Despite being the adored, much analyzed and fantasized about lead singer of one of the planet’s biggest rock bands, Chris Martin of Coldplay is practical, even humble about his role. Sitting on the floor of a rented house in Los Angeles, enjoying the California sunshine and the taste of the strawberry he’s just finished, Martin is deliberately and charmingly low-key.
“It just comes from pure gratitude at being given this job, particularly in a period of time when music is hard to be employed by,” Martin says of the free CDs that Coldplay is giving to concert-goers on their U.S. tour, which kicked off Friday night in West Palm Beach, Fla.
“We wanted to give something to the people who have paid money to come see us or buy the album,” he adds, referring to “Viva La Vida,” the best-selling album in the world in 2008. “It’s like a reward system in a grocery store.”
Material sustenance is not what most fans think of when it comes to Coldplay’s music or its live shows, which are known for the passionate connection that Martin makes with audiences. The free CD, “LeftRightLeftRightLeft,” with nine live songs culled from the band’s last tour, is partly an attempt to capture that link.
“It is like a snapshot of where we’re at at the moment as a band,” Martin says. “Hopefully nine little morsels of where we are at the moment. It’s supposed to give an overview of how we sound now and mostly how our audience is with that.”
Given that Coldplay is returning to the United States so soon after finishing another North American tour last November, audiences seem to like whatever the band does. The combination of Martin’s charisma and emotionally introspective, obliquely poetic lyrics, and Coldplay’s darkly anthemic, lushly melodic music has proved to be potent. The group has grown steadily in stature and sales since debuting in 2000 with “Parachutes,” quickly shooting from indie darlings to the top of the U.S. and global charts. Their third album, 2005’s “X&Y,” sold eight million copies in the first year, while “Viva La Vida or Death and All His Friends” sold 6.7 million physical and downloaded copies — stellar figures in an age of free downloads and splintering audiences.
The press, however, has been divided on Coldplay and on Martin himself. The band’s music has been criticized as indulgent and repetitive, while Martin, who is married to actor Gwyneth Paltrow (the couple have two children, Apple, 5 and Moses, 3) is sometimes faulted for being arrogant, a vegetarian, righteously well-behaved, and generally avoiding the classically entertaining rock star behavior of excessive drugs, drinking and screwing around. (Although he has been known to wrestle with paparazzi and appear in comedies like the movie “Shaun of the Dead.”)
Martin is, in fact, unabashedly middle class. The oldest son of five children of an accountant father and a music-teacher mother, he met his Coldplay bandmates in 1996, while all were earning degrees at London University (they refused to tour or release their first record until they’d taken final exams, and vowed to kick out anyone who used hard drugs). He has campaigned on issues of fair trade and global poverty, and spoken out against the Iraq war. While social themes don’t inspire Coldplay’s songs, Martin says he feels a responsibility to try and affect the world in a positive way.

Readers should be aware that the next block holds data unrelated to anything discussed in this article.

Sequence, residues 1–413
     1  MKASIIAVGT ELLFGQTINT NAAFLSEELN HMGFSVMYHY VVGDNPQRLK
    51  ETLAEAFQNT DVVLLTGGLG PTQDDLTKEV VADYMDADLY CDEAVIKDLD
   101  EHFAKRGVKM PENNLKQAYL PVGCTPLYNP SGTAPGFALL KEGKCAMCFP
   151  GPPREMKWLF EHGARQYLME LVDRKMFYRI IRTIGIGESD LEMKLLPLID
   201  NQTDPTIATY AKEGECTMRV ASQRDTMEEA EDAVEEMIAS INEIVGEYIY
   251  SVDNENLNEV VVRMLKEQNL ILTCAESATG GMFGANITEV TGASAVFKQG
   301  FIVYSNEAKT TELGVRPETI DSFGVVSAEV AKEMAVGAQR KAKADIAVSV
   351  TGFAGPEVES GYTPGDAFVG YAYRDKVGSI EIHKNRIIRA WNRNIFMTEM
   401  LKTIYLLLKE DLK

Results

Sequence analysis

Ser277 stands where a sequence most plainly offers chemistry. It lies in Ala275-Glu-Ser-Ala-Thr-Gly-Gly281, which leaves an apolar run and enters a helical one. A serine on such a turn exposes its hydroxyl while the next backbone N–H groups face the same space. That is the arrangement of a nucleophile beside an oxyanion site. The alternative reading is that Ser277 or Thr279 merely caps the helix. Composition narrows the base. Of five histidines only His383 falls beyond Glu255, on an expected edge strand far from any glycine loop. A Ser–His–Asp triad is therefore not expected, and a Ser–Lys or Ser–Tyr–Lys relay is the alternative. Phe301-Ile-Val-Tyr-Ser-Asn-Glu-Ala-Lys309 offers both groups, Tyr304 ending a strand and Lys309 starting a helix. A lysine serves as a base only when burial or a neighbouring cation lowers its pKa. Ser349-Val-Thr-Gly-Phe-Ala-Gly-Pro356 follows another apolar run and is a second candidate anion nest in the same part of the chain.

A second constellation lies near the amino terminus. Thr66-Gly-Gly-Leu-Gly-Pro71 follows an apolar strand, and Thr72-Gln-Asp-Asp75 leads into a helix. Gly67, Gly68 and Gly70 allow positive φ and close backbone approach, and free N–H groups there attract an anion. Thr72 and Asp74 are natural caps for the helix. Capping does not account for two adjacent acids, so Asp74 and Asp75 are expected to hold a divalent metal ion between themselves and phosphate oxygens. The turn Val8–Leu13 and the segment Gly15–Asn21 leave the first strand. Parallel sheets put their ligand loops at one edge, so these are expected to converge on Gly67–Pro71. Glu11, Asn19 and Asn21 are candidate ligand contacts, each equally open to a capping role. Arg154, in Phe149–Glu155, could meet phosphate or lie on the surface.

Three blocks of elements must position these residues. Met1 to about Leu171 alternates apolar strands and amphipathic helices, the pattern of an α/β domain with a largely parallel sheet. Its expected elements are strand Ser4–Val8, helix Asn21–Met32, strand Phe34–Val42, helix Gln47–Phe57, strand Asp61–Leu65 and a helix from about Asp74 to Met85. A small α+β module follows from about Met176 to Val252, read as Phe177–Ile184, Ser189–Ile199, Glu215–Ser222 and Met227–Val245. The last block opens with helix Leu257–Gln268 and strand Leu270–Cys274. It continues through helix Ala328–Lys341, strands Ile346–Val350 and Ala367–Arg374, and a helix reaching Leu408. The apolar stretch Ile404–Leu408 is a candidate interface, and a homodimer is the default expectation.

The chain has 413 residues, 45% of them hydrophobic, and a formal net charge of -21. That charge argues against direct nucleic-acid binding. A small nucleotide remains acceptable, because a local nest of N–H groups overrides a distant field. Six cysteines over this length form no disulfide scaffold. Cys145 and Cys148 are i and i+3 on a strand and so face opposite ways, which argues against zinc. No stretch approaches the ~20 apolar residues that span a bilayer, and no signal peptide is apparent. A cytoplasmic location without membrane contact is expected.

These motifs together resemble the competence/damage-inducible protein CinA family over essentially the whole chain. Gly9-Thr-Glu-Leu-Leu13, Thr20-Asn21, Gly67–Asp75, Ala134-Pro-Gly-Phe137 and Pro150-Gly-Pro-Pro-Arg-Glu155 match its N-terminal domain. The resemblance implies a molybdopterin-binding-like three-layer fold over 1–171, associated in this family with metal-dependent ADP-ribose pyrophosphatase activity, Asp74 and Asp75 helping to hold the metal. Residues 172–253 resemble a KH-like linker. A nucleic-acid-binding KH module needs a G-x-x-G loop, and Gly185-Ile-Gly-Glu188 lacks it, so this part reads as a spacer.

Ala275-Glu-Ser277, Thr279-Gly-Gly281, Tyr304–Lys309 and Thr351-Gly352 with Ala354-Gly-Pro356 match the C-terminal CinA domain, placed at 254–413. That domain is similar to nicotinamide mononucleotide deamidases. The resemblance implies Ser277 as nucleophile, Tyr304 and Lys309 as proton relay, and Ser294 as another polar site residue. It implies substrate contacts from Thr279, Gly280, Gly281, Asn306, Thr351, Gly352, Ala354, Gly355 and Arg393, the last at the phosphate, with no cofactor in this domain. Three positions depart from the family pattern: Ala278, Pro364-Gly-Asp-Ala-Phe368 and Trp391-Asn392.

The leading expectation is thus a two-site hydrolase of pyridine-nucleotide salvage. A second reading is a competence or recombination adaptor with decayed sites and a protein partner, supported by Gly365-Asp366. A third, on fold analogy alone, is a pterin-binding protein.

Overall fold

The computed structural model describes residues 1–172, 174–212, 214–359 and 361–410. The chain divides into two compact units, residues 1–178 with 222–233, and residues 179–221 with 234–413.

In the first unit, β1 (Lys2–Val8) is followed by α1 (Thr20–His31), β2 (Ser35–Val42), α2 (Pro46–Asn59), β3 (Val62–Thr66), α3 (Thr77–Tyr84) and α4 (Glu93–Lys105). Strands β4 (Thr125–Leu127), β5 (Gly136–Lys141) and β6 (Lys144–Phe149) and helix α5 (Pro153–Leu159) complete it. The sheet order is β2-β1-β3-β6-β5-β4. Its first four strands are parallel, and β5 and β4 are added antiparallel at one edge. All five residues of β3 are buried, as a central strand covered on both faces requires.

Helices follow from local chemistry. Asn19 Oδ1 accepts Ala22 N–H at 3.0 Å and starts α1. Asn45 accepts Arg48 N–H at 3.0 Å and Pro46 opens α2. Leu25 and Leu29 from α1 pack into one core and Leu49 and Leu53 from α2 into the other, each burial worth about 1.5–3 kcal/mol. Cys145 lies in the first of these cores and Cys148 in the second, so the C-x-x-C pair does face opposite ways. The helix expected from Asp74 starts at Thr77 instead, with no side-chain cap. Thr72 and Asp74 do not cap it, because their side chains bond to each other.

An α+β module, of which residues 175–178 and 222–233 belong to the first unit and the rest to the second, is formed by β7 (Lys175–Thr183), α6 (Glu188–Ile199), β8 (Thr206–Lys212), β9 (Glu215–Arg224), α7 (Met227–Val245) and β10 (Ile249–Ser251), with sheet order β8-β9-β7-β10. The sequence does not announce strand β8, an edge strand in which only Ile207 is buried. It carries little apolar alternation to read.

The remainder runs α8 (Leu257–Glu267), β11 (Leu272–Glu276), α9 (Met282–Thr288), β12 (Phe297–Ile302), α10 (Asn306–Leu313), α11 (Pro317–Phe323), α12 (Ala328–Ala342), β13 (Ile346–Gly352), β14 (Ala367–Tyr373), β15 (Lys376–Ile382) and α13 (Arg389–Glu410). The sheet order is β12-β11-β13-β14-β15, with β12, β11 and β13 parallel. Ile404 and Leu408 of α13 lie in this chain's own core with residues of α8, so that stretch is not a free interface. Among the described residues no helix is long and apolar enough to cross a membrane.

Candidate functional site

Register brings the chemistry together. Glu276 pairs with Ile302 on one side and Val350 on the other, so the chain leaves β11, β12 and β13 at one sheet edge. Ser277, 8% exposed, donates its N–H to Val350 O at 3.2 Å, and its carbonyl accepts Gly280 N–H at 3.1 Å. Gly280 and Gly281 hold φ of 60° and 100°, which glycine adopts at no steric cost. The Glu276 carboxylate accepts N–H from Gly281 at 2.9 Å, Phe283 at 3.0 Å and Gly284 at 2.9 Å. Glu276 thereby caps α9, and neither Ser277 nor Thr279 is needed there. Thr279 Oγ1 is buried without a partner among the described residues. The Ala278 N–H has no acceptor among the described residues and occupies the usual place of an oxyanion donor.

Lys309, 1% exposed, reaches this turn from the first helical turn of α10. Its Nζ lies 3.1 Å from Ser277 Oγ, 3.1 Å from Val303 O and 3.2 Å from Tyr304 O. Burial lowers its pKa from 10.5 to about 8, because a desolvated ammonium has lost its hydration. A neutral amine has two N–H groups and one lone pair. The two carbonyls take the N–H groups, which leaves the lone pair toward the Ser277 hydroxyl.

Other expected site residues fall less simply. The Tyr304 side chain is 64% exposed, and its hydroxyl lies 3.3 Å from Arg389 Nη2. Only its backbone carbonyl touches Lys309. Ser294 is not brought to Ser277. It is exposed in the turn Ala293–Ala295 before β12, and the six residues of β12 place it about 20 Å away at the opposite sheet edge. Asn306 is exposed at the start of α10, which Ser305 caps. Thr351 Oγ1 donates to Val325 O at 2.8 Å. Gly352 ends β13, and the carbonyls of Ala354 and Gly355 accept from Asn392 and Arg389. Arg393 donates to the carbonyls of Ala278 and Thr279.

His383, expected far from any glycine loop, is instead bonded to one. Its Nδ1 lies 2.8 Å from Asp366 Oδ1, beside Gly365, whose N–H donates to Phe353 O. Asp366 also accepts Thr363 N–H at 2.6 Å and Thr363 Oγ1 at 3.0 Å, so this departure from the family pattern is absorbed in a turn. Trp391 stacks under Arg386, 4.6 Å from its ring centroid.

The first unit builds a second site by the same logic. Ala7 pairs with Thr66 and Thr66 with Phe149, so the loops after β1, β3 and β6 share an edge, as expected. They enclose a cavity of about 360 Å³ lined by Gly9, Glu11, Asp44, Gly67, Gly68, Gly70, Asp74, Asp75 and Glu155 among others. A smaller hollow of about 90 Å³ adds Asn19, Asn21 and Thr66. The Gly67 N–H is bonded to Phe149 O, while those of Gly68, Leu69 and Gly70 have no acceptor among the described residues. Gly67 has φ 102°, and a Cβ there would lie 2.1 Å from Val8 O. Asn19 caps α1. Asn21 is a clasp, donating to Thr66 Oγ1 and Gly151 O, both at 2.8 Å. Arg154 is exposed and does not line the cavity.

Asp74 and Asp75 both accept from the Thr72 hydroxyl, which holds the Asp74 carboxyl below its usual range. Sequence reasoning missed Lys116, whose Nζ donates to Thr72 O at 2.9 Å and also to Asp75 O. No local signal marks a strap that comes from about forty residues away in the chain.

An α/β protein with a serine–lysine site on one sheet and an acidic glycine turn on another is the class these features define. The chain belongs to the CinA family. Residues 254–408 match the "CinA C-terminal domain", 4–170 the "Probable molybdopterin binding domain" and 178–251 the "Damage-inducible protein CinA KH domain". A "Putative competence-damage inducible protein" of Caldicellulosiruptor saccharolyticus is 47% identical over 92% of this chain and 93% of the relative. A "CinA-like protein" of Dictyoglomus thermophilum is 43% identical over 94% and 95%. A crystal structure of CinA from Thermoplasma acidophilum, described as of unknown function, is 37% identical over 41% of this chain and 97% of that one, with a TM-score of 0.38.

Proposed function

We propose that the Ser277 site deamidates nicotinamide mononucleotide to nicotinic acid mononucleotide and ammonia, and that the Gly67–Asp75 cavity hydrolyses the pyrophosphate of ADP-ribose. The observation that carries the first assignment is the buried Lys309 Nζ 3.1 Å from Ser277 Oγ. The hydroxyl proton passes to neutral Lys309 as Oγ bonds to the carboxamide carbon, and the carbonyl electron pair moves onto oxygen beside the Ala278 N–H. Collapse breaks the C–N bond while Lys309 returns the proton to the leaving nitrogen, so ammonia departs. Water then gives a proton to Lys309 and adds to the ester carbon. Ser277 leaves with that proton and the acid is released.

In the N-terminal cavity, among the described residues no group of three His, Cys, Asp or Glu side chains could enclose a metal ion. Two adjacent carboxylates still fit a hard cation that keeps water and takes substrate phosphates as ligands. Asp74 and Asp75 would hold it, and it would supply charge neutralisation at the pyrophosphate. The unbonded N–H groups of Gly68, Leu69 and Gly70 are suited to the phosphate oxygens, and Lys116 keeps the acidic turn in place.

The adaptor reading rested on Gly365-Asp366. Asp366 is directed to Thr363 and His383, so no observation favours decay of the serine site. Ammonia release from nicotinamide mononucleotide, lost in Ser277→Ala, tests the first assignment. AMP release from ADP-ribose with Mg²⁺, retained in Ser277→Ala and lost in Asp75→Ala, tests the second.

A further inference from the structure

“It appeases the guilt I sometimes feel for being given such an incredible job,” he says. “I think when you are contributing to or talking about something that you know is important on an activist level, it somehow feels better than if you’re just sitting back taking coke.” As well as assuaging his own anxieties. “I don’t really like to stop and feel comfortable,” Martin says. “So I guess social activism is part of that.”
But he is realistic about how much effect he can have on the world, beyond making people feel better for the length of a song or a show. “If I’m a bit down and worried about something then if I listen to ‘I’m On Fire’ by Bruce Springsteen I feel better,” Martin says. “We can only influence our little world in our little bubble.”
Coldplay songs are generally attributed to the whole band: Martin, guitarist Jonny Buckland, drummer Will Champion and bassist Guy Berryman, plus close friend and former manager Phil Harvey, who’s listed as a fifth member on “Viva La Vida.” Though Martin writes most of the lyrics and, as singer (and husband of a movie star), tends to be the center of attention, he emphasizes that the music comes from all of them.
“If any one of the five of us was to leave or die or be kidnapped, the rest of us would be useless,” he says. “We’re always trying to give credit to the chemistry more than the individual ability. That’s what a band is, it’s bigger than the sum of its parts. That’s why people join bands — because they’re not good enough to be soloists.”
He is reticent about where those lyrics come from. “I find often songs come from thinking of a title. The other morning I woke up and thought I’d like to do a song called ‘Drunks and Guns.’ So I hung around the house all day waiting for it to come, and eventually it came to me.”
And how did he come up with the title? “No idea,” Martin says. “I think if you write a list of songs you feel like certain letters are missing, so maybe I had a list with no D’s on it.”
Aside from filling out an alphabet of titles, it seems the only downside for Martin these days is being away from his family months at a time. Martin insists it’s not a significant problem. “It’s not the same as being a soldier being sent away for six months with no contact,” he says. “It’s pretty manageable at this point.”
In fact, he jokes that separation can be a good thing. “I think their worst nightmare is having to be with me every day. You’ve only had 20 minutes.”